If for some reason you feel you’ve run out of Philadelphia-related things to be proud of, add native singer-songwriter and producer Bilal to your list. Bilal is a prolific musician with five well-received LPs and numerous collaborations which have catapulted Beyonce, Common and countless others to the top of the charts. His work spans many genres and his stage presence is performance art in and of itself. Bilal is, without a doubt, one of Philly’s greatest contemporary artists.
The singer-songwriter released his fourth studio album, “In Another Life,” June 30. The album is special to the singer for a few reasons. It marks Bilal’s first album made with just one producer: the soulful, highly sought after Adrian Younge. Younge’s production gives the album a cohesive, nostalgic sound that welcomes a few guests who undoubtedly compliment Bilal’s vocals. Rapper Big K.R.I.T. and singer Kimbra contributed verses that felt like the salt needed to embellish an otherwise perfectly cooked dish. Kendrick Lamar, perhaps the most celebrated musician of 2015, even makes a brief appearance to add an electrifying verse on “Money Over Love.”
The album is an exceptional collection of tracks with a clear flow and direction. Bilal perfectly utilized his collaborators to showcase his artistic vision. Although he now lives in New York, he paid homage to his hometown by having his record release party and concert at West Philadelphia’s World Cafe Live.
Opening for Bilal was Maryland-based R&B singer Temika Moore. She took the stage with a percussionist, a guitar player, a MacBook Pro and began performing music that sounded similar to some of Bilal’s early work with a more modern polish.
Moore played a set of material mostly from her 2012 album “The End of Me,” including her most well-known song “I’m Not OK.” The intimate but uncrowded venue allowed Moore to begin an ongoing conversation with the crowd, during which she jokingly said, “Being a singer has its moments, sometimes we’re not always on point, I’m just being honest.” Her statement of humility seemed to be almost out of place, seeing that her performance was spotless.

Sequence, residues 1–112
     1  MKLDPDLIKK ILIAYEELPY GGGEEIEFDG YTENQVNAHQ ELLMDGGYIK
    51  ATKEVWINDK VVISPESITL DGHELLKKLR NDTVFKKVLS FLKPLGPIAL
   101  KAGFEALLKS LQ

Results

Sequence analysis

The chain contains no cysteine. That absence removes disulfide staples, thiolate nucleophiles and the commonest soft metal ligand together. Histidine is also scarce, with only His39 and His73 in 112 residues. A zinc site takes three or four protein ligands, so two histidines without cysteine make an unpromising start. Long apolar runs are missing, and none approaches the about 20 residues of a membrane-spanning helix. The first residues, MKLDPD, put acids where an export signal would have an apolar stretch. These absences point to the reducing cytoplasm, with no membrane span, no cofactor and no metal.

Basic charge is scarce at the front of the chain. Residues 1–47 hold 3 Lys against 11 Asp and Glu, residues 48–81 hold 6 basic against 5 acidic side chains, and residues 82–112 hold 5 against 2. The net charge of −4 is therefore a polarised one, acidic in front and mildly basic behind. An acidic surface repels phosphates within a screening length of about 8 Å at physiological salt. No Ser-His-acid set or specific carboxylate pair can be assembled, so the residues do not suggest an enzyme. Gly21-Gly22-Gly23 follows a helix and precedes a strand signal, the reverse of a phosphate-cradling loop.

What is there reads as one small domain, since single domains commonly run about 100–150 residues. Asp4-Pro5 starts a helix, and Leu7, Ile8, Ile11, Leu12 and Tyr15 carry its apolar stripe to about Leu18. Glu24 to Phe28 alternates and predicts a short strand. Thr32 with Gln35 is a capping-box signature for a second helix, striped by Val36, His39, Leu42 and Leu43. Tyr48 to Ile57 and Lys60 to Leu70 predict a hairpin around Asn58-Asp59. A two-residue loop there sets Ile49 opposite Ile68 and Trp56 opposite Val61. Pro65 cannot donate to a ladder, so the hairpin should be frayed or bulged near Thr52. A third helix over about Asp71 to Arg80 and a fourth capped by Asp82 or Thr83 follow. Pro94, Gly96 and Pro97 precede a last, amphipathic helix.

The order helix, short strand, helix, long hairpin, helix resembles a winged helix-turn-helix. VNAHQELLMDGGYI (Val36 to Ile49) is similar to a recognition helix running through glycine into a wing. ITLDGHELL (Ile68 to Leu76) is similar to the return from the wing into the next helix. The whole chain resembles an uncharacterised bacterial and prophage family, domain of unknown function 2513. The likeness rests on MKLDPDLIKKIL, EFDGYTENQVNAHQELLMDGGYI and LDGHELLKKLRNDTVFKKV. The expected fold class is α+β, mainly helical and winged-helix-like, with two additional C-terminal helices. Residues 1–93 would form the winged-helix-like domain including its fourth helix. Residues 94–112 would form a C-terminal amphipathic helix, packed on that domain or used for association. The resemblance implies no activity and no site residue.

After a short break, Bilal’s five band members walked onstage and began playing him in as he waited in the green room. The heavy beat of “Star Now” thumped for about a minute until Bilal walked onstage in sunglasses and a long overcoat. Next, they jumped right into “Sirens II,” a familiar tune to those who have heard Jay Z’s recent hit “Picasso Baby,” as both tracks sample Adrian Younge’s song “Sirens.”
As the drummer began the third song, Bilal stopped him to talk to the audience. He thanked the crowd for coming out on a dreary, stormy day and explained that the album meant a lot to him. He then continued his set, playing mostly new material.
The crowd sang along when Bilal played one of his biggest hits from his first album “Sometimes.” He then played a new track, “Lunatic” and explained “I try to get in the mind of someone who would shoot up a school full of kids,” in a spoken-word fashion. Right after, he turned to his drummer, Eric Jensen, and screamed “This is a f-cking drum solo!” to which Jensen replied with a spastic, technically astounding solo.
Bilal finished his roughly hourlong set and let his band play him out similarly to his entrance. He returned for an encore, which turned into a freeflowing jam with an incredible vocal solo. Bilal will continue to tour in the U.S. and internationally, though it will be hard for him to outdo the show he put on for his Philadelphian homecoming.